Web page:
I’m a sucker for an apron.
I can slip on an apron that has a fetching Provincial pattern and imagine myself domestically stylish.
I used to never wear aprons—I thought them too retro and frumpy. Fortunately, now retro is in and aprons are chic. When I had finally ruined favorite shirt number 34 with a wayward splash of olive oil, I decided that it was time to tie one on.
And tie one on I do – every day – usually around 3 o’clock, as I a grab a cup of tea and drive off to the carpool line. I keep it on for the red wine I sip while chopping onions, and I wear it straight through dinner and into cleanup.
It’s typically 10 o’clock before I disrobe.
So, when I ran into my favorite kitchen shop last week to purchase my annual indulgence of harvest-scented hand soap and saw the Thanksgiving apron on display, I didn’t stand a chance.
It was a lovely shade of autumn gold with a curly-stemmed pumpkin tastefully embroidered on the front. It had a handy row of deep pockets and an adjustable strap. Plus, it was 20 percent off.
I tried it on, thinking of what an extra boost of classy confidence this little frock would lend to my turkey and side dish preparations. I thought it would make a fine, if practical, mini-splurge for my upcoming November birthday. Then, something tugged on the apron strings…
Maybe I could get one for my mom, too.
Because this year is different. My parents have spent the last several years in Florida during the Thanksgiving holidays. But in July, my wonderful father succumbed to cancer; this year, my mother is staying in Atlanta. She will be spending Thanksgiving with us.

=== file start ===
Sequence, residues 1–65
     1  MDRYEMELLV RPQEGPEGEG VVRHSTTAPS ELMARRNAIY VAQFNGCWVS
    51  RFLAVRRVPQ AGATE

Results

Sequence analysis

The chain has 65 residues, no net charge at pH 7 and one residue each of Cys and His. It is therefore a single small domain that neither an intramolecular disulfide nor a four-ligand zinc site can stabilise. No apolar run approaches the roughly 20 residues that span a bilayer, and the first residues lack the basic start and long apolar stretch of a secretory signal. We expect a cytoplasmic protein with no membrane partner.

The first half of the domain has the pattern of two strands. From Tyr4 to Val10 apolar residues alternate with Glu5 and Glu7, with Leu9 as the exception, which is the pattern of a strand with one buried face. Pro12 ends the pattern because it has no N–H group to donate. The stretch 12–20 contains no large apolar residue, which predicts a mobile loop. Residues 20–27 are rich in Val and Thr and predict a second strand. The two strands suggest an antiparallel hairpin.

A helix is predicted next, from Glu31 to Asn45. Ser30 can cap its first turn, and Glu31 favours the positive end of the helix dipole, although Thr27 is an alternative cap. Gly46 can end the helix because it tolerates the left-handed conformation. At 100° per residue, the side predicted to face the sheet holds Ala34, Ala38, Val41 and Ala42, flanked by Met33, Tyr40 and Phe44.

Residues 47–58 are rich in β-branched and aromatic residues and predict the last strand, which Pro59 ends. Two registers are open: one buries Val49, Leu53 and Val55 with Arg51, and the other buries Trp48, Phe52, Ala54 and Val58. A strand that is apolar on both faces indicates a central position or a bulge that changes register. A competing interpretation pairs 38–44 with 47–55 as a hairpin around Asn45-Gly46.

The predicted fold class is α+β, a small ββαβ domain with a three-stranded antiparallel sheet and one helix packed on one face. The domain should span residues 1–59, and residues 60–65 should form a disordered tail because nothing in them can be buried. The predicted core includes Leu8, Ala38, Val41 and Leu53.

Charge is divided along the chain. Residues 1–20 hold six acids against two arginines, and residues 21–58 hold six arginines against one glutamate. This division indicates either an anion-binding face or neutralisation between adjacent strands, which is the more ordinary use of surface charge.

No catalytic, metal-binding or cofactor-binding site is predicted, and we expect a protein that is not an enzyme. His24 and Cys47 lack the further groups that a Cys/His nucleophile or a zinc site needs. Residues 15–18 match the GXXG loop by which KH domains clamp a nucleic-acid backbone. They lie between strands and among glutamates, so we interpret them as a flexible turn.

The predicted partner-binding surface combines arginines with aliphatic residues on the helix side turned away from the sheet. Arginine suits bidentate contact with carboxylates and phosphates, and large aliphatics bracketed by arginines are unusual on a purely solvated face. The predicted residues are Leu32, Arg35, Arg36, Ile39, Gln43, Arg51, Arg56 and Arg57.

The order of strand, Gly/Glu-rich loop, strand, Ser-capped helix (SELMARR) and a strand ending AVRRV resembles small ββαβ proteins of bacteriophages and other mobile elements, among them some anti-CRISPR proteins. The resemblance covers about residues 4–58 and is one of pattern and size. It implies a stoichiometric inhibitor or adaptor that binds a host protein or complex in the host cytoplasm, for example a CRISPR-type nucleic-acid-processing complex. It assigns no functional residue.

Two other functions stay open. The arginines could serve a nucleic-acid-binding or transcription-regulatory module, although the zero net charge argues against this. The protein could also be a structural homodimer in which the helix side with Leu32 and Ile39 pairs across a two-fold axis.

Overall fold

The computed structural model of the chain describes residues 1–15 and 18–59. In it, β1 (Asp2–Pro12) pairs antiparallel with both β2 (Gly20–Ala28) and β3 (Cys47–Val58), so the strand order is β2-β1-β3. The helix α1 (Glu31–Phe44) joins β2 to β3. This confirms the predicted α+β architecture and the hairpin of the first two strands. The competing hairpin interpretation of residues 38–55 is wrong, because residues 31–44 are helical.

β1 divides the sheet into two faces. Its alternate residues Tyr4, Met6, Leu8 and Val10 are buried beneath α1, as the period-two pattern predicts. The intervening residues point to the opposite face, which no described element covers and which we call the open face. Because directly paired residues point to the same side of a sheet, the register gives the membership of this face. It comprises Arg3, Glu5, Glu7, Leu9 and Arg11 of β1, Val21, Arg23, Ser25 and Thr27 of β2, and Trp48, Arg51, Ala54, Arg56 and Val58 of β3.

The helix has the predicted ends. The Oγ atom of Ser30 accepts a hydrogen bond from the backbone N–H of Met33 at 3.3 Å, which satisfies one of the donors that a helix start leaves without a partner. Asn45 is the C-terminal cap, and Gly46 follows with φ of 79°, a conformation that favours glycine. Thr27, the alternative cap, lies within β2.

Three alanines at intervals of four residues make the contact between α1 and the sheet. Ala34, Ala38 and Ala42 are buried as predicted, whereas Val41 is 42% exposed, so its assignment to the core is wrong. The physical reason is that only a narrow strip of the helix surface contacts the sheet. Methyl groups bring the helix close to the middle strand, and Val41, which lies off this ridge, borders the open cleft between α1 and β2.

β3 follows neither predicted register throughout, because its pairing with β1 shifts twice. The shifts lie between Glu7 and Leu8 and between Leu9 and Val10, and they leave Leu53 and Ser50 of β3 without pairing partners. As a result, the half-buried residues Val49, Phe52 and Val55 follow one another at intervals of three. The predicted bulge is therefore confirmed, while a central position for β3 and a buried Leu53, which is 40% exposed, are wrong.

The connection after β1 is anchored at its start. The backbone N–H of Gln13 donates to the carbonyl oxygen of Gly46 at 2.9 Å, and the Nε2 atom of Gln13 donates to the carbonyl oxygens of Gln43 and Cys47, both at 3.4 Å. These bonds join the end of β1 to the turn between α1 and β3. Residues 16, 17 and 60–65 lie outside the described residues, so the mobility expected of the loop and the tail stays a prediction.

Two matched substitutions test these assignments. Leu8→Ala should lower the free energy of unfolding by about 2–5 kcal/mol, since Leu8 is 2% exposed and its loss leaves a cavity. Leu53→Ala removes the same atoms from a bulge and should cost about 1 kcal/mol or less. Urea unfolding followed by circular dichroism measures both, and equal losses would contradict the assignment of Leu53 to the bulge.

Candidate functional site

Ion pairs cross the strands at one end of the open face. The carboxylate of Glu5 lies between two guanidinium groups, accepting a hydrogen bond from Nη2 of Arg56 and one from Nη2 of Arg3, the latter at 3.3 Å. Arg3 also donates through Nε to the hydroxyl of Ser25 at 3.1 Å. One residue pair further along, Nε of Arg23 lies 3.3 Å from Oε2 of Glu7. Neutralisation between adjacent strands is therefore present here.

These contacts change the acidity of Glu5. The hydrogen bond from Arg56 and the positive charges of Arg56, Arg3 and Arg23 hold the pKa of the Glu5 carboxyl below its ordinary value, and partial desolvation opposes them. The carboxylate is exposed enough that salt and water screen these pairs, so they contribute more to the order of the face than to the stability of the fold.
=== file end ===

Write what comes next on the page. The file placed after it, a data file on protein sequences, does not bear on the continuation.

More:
Whenever my mother comes to my home, she goes immediately to the kitchen and stands at my side to help. Yes, I would get a Thanksgiving apron for my mom, too. Then I felt another tug….
Maybe I could get one for my daughter, as well.
Maybe this apron could be more than a pretty piece of protective fabric. Maybe, when worn by the trio of us, it could signify something else.
Maybe it can be the beginning of a new tradition: three generations of women gathered as a Thanksgiving team. We will embrace each other and work together, and we will celebrate in honor of my dad, in gratitude for his life and his legacy.
This November, my family and my mother will come to the Thanksgiving table for the first time ever without our beloved father, and grandfather, and husband. We will share sorrow and remembrance, and comfort food.
We will begin a new tradition. And, we will be united by an apron.
Robin Jean Marie is a writer and mother of four who lives in Dunwoody. She can be contacted at firstname.lastname@example.org.